Fallback is not your friend – learning from TLS

The problem with standards is that people standardise on them.

People still talk about “SSL encryption”, which is so last century.  SSL – Secure Sockets Layer – was superseded by TLS – Transport Layer Security – in 1999 (which is when the TLS 1.0 specification was published).  TLS 1.1 came out in 2006.  That’s 12 years ago, which is, like, well, ages and ages in Internet time.  The problem with standards, however, is that people standardise on them.  It turns out that TLS v1.0 and v1.1 have some security holes in them, which mean that you shouldn’t use them, but people not only did, but they wrote their specifications and implementations to do so – and to continue doing so.  In fact, as reported by The Register, the IETF is leading a call for TLS v1.0 and v1.1 to be fully deprecated: in other words, to tell people that they definitely, really, absolutely shouldn’t be using them.

Given that TLS v1.2 came out in August 2008, nearly ten years ago, and that TLS v1.3 is edging towards publication now, surely nobody is still using TLS v1.0 or v1.1 anyway, right?

Answer – it doesn’t matter whether they are or not

This sounds a bit odd as an answer, but bear with me.  Let’s say that you have implemented a new website, a new browser, or a client for some TLS-supporting server.  You’re a good and knowledgeable developer[1], or you’re following the designs from your good and knowledgeable architect or the tests from your good and knowledgeable test designer[2].  You are, of course, therefore using the latest version of TLS, which is v1.2.  You’ll be upgrading to v1.3 just as soon as it’s available[3].  You’re safe, right?  None of those nasty vulnerabilities associated with v1.0 or v1.1 can come and bite you, because all of the other clients or servers to which you’ll be connecting will be using v1.2 as well.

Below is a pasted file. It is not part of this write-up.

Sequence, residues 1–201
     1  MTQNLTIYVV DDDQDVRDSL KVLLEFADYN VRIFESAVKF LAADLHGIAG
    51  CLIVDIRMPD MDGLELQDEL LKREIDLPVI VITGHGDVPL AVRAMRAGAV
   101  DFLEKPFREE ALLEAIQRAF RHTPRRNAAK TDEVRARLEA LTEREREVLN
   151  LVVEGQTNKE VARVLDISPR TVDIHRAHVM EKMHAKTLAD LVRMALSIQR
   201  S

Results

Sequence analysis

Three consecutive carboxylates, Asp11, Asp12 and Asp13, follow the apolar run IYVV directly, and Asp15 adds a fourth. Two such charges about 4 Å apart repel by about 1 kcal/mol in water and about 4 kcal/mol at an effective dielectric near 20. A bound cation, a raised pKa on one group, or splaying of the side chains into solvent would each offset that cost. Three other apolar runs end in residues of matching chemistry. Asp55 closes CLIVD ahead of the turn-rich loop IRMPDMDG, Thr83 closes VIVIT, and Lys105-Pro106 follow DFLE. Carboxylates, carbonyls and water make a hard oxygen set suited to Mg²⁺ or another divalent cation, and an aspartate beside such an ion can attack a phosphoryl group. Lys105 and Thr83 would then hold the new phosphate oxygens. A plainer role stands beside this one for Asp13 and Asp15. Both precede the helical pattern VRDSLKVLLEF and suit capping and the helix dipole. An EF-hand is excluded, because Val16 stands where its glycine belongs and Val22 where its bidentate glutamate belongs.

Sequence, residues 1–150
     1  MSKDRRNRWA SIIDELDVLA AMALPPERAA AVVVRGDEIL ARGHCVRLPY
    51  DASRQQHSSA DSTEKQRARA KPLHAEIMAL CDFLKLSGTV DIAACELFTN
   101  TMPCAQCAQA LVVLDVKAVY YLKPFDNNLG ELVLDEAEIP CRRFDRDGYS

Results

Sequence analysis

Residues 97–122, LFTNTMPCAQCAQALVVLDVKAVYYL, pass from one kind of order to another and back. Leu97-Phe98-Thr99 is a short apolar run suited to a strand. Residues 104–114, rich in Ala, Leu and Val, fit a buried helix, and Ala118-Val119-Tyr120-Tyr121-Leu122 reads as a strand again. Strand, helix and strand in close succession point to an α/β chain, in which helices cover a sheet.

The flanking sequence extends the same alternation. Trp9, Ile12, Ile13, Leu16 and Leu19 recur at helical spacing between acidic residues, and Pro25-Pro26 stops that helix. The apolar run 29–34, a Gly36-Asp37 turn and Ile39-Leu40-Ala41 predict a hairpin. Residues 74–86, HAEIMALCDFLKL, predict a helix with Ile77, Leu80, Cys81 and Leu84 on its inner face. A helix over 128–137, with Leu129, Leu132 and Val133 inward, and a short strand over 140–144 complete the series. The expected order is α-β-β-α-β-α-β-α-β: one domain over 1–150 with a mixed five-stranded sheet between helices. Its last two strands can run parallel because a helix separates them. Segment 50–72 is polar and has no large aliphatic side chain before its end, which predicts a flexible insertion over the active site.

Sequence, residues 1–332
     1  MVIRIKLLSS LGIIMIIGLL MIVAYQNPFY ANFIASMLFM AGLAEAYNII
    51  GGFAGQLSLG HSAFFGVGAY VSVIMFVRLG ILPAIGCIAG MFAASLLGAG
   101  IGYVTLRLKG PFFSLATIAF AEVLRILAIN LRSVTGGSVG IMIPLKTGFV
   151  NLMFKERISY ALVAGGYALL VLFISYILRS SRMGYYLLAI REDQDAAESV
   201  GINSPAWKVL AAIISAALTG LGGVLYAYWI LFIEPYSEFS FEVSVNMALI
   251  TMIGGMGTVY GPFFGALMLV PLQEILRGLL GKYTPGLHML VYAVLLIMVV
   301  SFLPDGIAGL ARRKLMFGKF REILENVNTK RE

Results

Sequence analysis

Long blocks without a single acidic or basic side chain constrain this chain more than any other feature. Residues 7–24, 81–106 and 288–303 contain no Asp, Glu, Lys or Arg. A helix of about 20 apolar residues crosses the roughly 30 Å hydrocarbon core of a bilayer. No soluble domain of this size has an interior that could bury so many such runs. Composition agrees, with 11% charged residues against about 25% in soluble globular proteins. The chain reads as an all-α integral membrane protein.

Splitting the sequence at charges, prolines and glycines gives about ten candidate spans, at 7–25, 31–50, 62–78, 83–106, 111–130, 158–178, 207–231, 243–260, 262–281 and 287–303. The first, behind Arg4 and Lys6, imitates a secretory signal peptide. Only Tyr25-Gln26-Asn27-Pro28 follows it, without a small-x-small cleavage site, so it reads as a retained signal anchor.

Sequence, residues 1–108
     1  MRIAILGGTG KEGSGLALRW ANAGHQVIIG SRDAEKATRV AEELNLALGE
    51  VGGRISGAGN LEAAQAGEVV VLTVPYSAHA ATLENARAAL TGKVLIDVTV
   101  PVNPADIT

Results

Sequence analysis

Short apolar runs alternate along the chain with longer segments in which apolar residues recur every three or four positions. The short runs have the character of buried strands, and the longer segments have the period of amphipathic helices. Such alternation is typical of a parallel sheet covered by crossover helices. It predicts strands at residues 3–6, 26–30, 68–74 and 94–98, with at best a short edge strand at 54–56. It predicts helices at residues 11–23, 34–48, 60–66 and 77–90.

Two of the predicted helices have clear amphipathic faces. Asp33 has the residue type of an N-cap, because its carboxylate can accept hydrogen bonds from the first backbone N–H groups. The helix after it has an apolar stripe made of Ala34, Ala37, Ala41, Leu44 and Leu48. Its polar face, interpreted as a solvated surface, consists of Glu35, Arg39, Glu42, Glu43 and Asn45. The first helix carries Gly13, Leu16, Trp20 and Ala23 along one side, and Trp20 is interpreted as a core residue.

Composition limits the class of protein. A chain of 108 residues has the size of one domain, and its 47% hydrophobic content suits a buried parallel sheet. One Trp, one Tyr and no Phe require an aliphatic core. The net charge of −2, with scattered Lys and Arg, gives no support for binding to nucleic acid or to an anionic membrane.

But what if they aren’t?  What about legacy clients or old server versions?  Wouldn’t it just be better to allow them to say “You know what?  I don’t speak v1.2, so let’s speak a version that I do support, say v1.0 instead?”

STOP.

This is fallback, and although it seems like the sensible, helpful thing to do, once you support it – and it’s easy, as many TLS implementations allow it – then you’ve got problems.  You’ve just made a decision to sacrifice security for usability – and worse, what you’re actually doing is opening the door for attackers not just to do bad things if they come across legitimate connections, but actually to pretend to be legitimate, force you to downgrade the protocol version to one they can break, and then do bad things.  Of course, those bad things will depend on a variety of factors, including the protocol version, the data being passed, cipher suites in use, etc., but this is a classic example of extending your attack surface when you don’t need to.

The two problems are:

  1. it feels like the right thing to do;
  2. it’s really easy to implement.

The right thing to do?